Advertising can be tricky. There are so many different avenues to take. If you do too much you could be spending a lot of money and annoy people, if you do too little you could be ineffective and waste money. No matter the size of your marketing budget, if you implement an effective strategy you can make even a small budget have a significant impact.
The opportunities to market your business are endless. Here are a few of the millions of ways to get your name out there:
PPC advertising, social media ads and post boosting, Yelp and Google Ads, Community team/event Sponsor, billboards, newspapers, magazine, online blogs, (e) newsletters, ads on a basketball or baseball court, 5k races, charity events, fairs and festivals, mailers, flyers, word-of-mouth, B2B, etc.
Like I said, the number of creative ways you can better brand and advertise your company is literally endless. But the trick is doing it effectively. How many times have you given money to have your logo on a flyer for a fundraiser or sent out postcards to everyone in the area and not gotten any leads from it?
Making the Difference- Strategy
The difference is in the strategy and the follow-up. When you do any of the above-mentioned advertising you must have a plan put in place. Identify the following:
- Who is your demographic? Area, income, age, habits, interests, etc.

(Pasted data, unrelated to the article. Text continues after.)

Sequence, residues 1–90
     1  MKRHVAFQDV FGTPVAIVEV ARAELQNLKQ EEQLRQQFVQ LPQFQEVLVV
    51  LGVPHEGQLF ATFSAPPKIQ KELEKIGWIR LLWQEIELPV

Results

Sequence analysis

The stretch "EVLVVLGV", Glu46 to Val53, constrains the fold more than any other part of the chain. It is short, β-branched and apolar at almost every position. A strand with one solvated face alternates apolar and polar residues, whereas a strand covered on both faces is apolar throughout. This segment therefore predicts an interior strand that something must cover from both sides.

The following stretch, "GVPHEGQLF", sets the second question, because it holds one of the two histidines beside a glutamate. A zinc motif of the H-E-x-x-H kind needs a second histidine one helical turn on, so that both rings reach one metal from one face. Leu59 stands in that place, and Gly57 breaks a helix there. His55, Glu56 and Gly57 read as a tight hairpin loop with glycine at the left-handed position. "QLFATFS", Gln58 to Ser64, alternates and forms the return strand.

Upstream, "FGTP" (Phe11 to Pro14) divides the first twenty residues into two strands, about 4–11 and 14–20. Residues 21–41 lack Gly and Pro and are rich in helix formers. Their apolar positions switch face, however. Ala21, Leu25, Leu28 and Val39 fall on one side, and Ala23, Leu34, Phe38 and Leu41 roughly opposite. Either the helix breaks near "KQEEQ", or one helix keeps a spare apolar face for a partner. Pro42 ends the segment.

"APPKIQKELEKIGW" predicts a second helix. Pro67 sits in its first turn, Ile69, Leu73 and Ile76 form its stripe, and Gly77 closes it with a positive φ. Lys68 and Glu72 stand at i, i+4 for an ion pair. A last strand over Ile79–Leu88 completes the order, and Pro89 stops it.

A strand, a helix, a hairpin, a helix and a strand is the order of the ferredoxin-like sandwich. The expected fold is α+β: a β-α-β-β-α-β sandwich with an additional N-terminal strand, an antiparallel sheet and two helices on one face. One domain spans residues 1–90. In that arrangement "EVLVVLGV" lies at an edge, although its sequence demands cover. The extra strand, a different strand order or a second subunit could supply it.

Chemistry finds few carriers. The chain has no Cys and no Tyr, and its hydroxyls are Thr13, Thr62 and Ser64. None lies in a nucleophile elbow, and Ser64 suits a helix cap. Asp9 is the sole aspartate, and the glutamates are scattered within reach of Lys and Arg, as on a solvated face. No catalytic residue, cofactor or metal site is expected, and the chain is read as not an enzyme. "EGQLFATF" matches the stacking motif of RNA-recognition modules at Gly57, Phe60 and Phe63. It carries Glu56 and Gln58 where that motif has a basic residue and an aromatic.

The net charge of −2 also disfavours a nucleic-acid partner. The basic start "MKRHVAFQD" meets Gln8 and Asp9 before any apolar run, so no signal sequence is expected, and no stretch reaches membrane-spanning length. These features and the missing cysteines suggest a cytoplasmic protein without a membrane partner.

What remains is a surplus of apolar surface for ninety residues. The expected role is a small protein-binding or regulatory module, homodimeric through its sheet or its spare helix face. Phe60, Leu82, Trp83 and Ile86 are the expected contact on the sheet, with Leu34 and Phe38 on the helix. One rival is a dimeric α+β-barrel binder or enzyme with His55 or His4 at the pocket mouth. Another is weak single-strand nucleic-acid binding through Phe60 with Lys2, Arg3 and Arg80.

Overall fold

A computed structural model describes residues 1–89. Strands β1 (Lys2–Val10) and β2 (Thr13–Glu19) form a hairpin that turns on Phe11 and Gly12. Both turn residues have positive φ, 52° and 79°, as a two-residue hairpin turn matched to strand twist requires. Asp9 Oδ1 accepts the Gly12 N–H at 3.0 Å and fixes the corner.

- What is the best time of year to pay for this advertising?
- Ask the detailed questions before paying:
- How many times will my logo appear?
- How many times will my company’s name be announced?
- Are there any other perks?
- How many people attend this event/read this message?
There is so much more to this but you get the picture, you must determine the rhyme and reason for everything you do in your marketing strategy. For instance, would you pay to have your logo in a monthly newsletter that goes out to the community if there are only 20 subscribers? No, that is a waste of money, that reach is so small and the likelihood of a lead is minuscule.
The Lasting Mark- Follow-Up
The second half to this is the follow-up. If you randomly choose an advertising method, I’m going to bet you didn’t do a follow up. Every step should have a follow up plan implemented. For instance, you have a booth at the local farmer’s market once a month. There is more than just showing up and trying to talk to people and sell your services. Let me paint a picture for you.
Your booth design reflects your company’s colors, logo, and website design (keeping a cohesive theme will make your image more recognizable). On the table in front of you is a jar and a stack of slips of paper. Each time someone comes up to your stand they can fill out their contact info and be entered to win a free…(a first time service or a discount for trying you). Also, before walking away you given them your business card and a flyer for your next promotion. You leave the market that day and you add all the new contact info somewhere that catalogs all your contacts. You choose the winner and contact them. They can come to the market next month or by your office to pick it up. Next week you send an email out to all your new contacts thanking them for their business and telling them more about you and your company.
This is just the first step to the follow up. Collecting contacts and following up with any event or outside promotion you are a part of will make those small advertising dollars stretch much further. This is just the tip of the ice burg, follow up should be done constantly throughout the year, not just once after an event. Customers should always be hearing from you in one form or another.